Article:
Seed Labs Undergo Rigorous Audits

Since the Canadian Seed Institute (CSI) first started providing audit services to the seed industry in 1997, accredited seed laboratories have continuously been the subjects of a third-party monitoring program.

All new laboratories undergo an initial accreditation audit by the Canadian Food Inspection Agency (CFIA), and after-wards are placed on a three-year audit cycle. Labs are notified by CSI in their audit year that they are due for their re-accreditation audit. Each lab has a choice of any of the qualified CSI lab auditors, who travel across Canada.

CSI auditors must successfully complete a five-day International Standards Organization (ISO) lead auditor course. Additionally, lab auditors are required to demonstrate technical competency in auditing labs by successfully completing a CSI lab technical expert exam. Many CSI lab auditors are seed analysts themselves.

All labs in Canada conduct their seed testing in accordance with the Canadian Methods and Procedures for Testing Seed (M&P), and each lab must have an established quality management system that meets the requirements of the CFIA Seed Laboratory Accreditation and Audit Protocol. This standard is based on the ISO 17025 standard for laboratory accreditation. It incorporates many familiar aspects of quality management, such as management review, document control, corrective and preventive actions, handling complaints, staff training and continuing education, as well as equipment calibration, sampling, quality control and reporting test results. In addition to the audit, the laboratory is subject to a multi-faceted monitoring program.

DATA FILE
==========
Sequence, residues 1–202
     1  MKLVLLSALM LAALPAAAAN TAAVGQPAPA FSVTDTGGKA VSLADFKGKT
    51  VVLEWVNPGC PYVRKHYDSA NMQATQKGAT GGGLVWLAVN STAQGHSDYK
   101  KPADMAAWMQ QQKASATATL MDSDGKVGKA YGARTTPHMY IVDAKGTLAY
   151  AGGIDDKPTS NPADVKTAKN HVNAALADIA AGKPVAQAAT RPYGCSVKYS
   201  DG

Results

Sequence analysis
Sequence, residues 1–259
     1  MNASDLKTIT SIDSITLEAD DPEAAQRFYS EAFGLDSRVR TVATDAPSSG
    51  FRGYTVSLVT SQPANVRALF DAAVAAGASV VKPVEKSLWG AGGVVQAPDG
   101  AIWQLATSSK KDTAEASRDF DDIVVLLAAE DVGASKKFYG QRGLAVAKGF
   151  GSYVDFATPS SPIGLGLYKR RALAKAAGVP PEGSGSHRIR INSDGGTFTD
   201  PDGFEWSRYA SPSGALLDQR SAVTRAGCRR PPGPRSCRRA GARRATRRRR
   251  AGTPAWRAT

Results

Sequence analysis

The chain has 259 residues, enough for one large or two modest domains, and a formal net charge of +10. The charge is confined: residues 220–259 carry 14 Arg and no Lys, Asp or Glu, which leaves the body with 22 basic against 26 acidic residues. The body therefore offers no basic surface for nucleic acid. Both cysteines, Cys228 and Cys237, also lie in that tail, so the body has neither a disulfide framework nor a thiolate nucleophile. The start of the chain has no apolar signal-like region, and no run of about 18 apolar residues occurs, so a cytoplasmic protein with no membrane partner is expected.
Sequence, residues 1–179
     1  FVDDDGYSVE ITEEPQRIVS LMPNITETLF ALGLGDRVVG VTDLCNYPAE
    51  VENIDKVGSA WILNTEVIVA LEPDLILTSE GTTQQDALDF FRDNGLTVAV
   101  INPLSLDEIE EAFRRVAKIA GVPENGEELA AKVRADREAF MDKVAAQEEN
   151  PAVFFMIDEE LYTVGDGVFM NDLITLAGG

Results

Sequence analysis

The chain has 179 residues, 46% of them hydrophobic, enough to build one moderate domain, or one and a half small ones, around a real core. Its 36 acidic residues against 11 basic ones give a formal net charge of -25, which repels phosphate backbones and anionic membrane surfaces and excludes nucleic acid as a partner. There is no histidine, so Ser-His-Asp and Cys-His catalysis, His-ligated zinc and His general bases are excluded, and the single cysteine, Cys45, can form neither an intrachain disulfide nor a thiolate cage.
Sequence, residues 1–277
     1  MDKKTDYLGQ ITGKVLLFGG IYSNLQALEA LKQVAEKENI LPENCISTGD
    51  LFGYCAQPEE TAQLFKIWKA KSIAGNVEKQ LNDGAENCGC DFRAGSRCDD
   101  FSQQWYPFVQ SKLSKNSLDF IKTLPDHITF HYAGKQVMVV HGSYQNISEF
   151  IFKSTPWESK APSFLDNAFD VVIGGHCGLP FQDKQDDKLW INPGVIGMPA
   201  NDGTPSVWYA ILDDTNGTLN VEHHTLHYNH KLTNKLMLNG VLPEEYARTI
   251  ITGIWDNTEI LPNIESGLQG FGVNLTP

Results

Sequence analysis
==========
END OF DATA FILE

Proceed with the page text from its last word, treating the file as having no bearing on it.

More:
As part of the audit, the CSI auditor collects documentation, such as reports of analysis and the corresponding worksheets, for 10 samples tested according to the M&P for monitoring by CFIA. If there are issues that arise from the documentation review, CFIA issues non-conformances to the laboratory as required.

Each lab is required to perform annual internal audits based on a predetermined schedule. Labs must also implement an internal proficiency monitoring program, where each analyst working in the lab is subject to a monitoring protocol, either between analysts in the same lab, or in partnership with another accredited laboratory (e.g. sample exchange, simultaneous testing, sharing photos for evaluation, etc.). Finally, every year, all laboratories participate in a proficiency monitoring program administered by CFIA.

CFIA issues two panels of proficiency test samples each year from different crop groups. Each lab conducts at least one proficiency sample a year. The results from all the participating labs are statistically analyzed, and CFIA issues non-conformances when any problems are noted. A laboratory’s scope of accreditation might be reduced depending on the results of their proficiency panels.

A great deal of time and effort is put in by the accredited laboratories, CFIA and CSI to ensure that seed testing in Canada is conducted to the highest degree of quality. CSAAC members treat these audits very seriously and use the guidelines and knowledge gained from them to benefit their clients.

Seed growers, traders and retailers should have every confidence in the seed testing results they receive from accredited Canadian labs given the rigorous monitoring environment in which labs operate.

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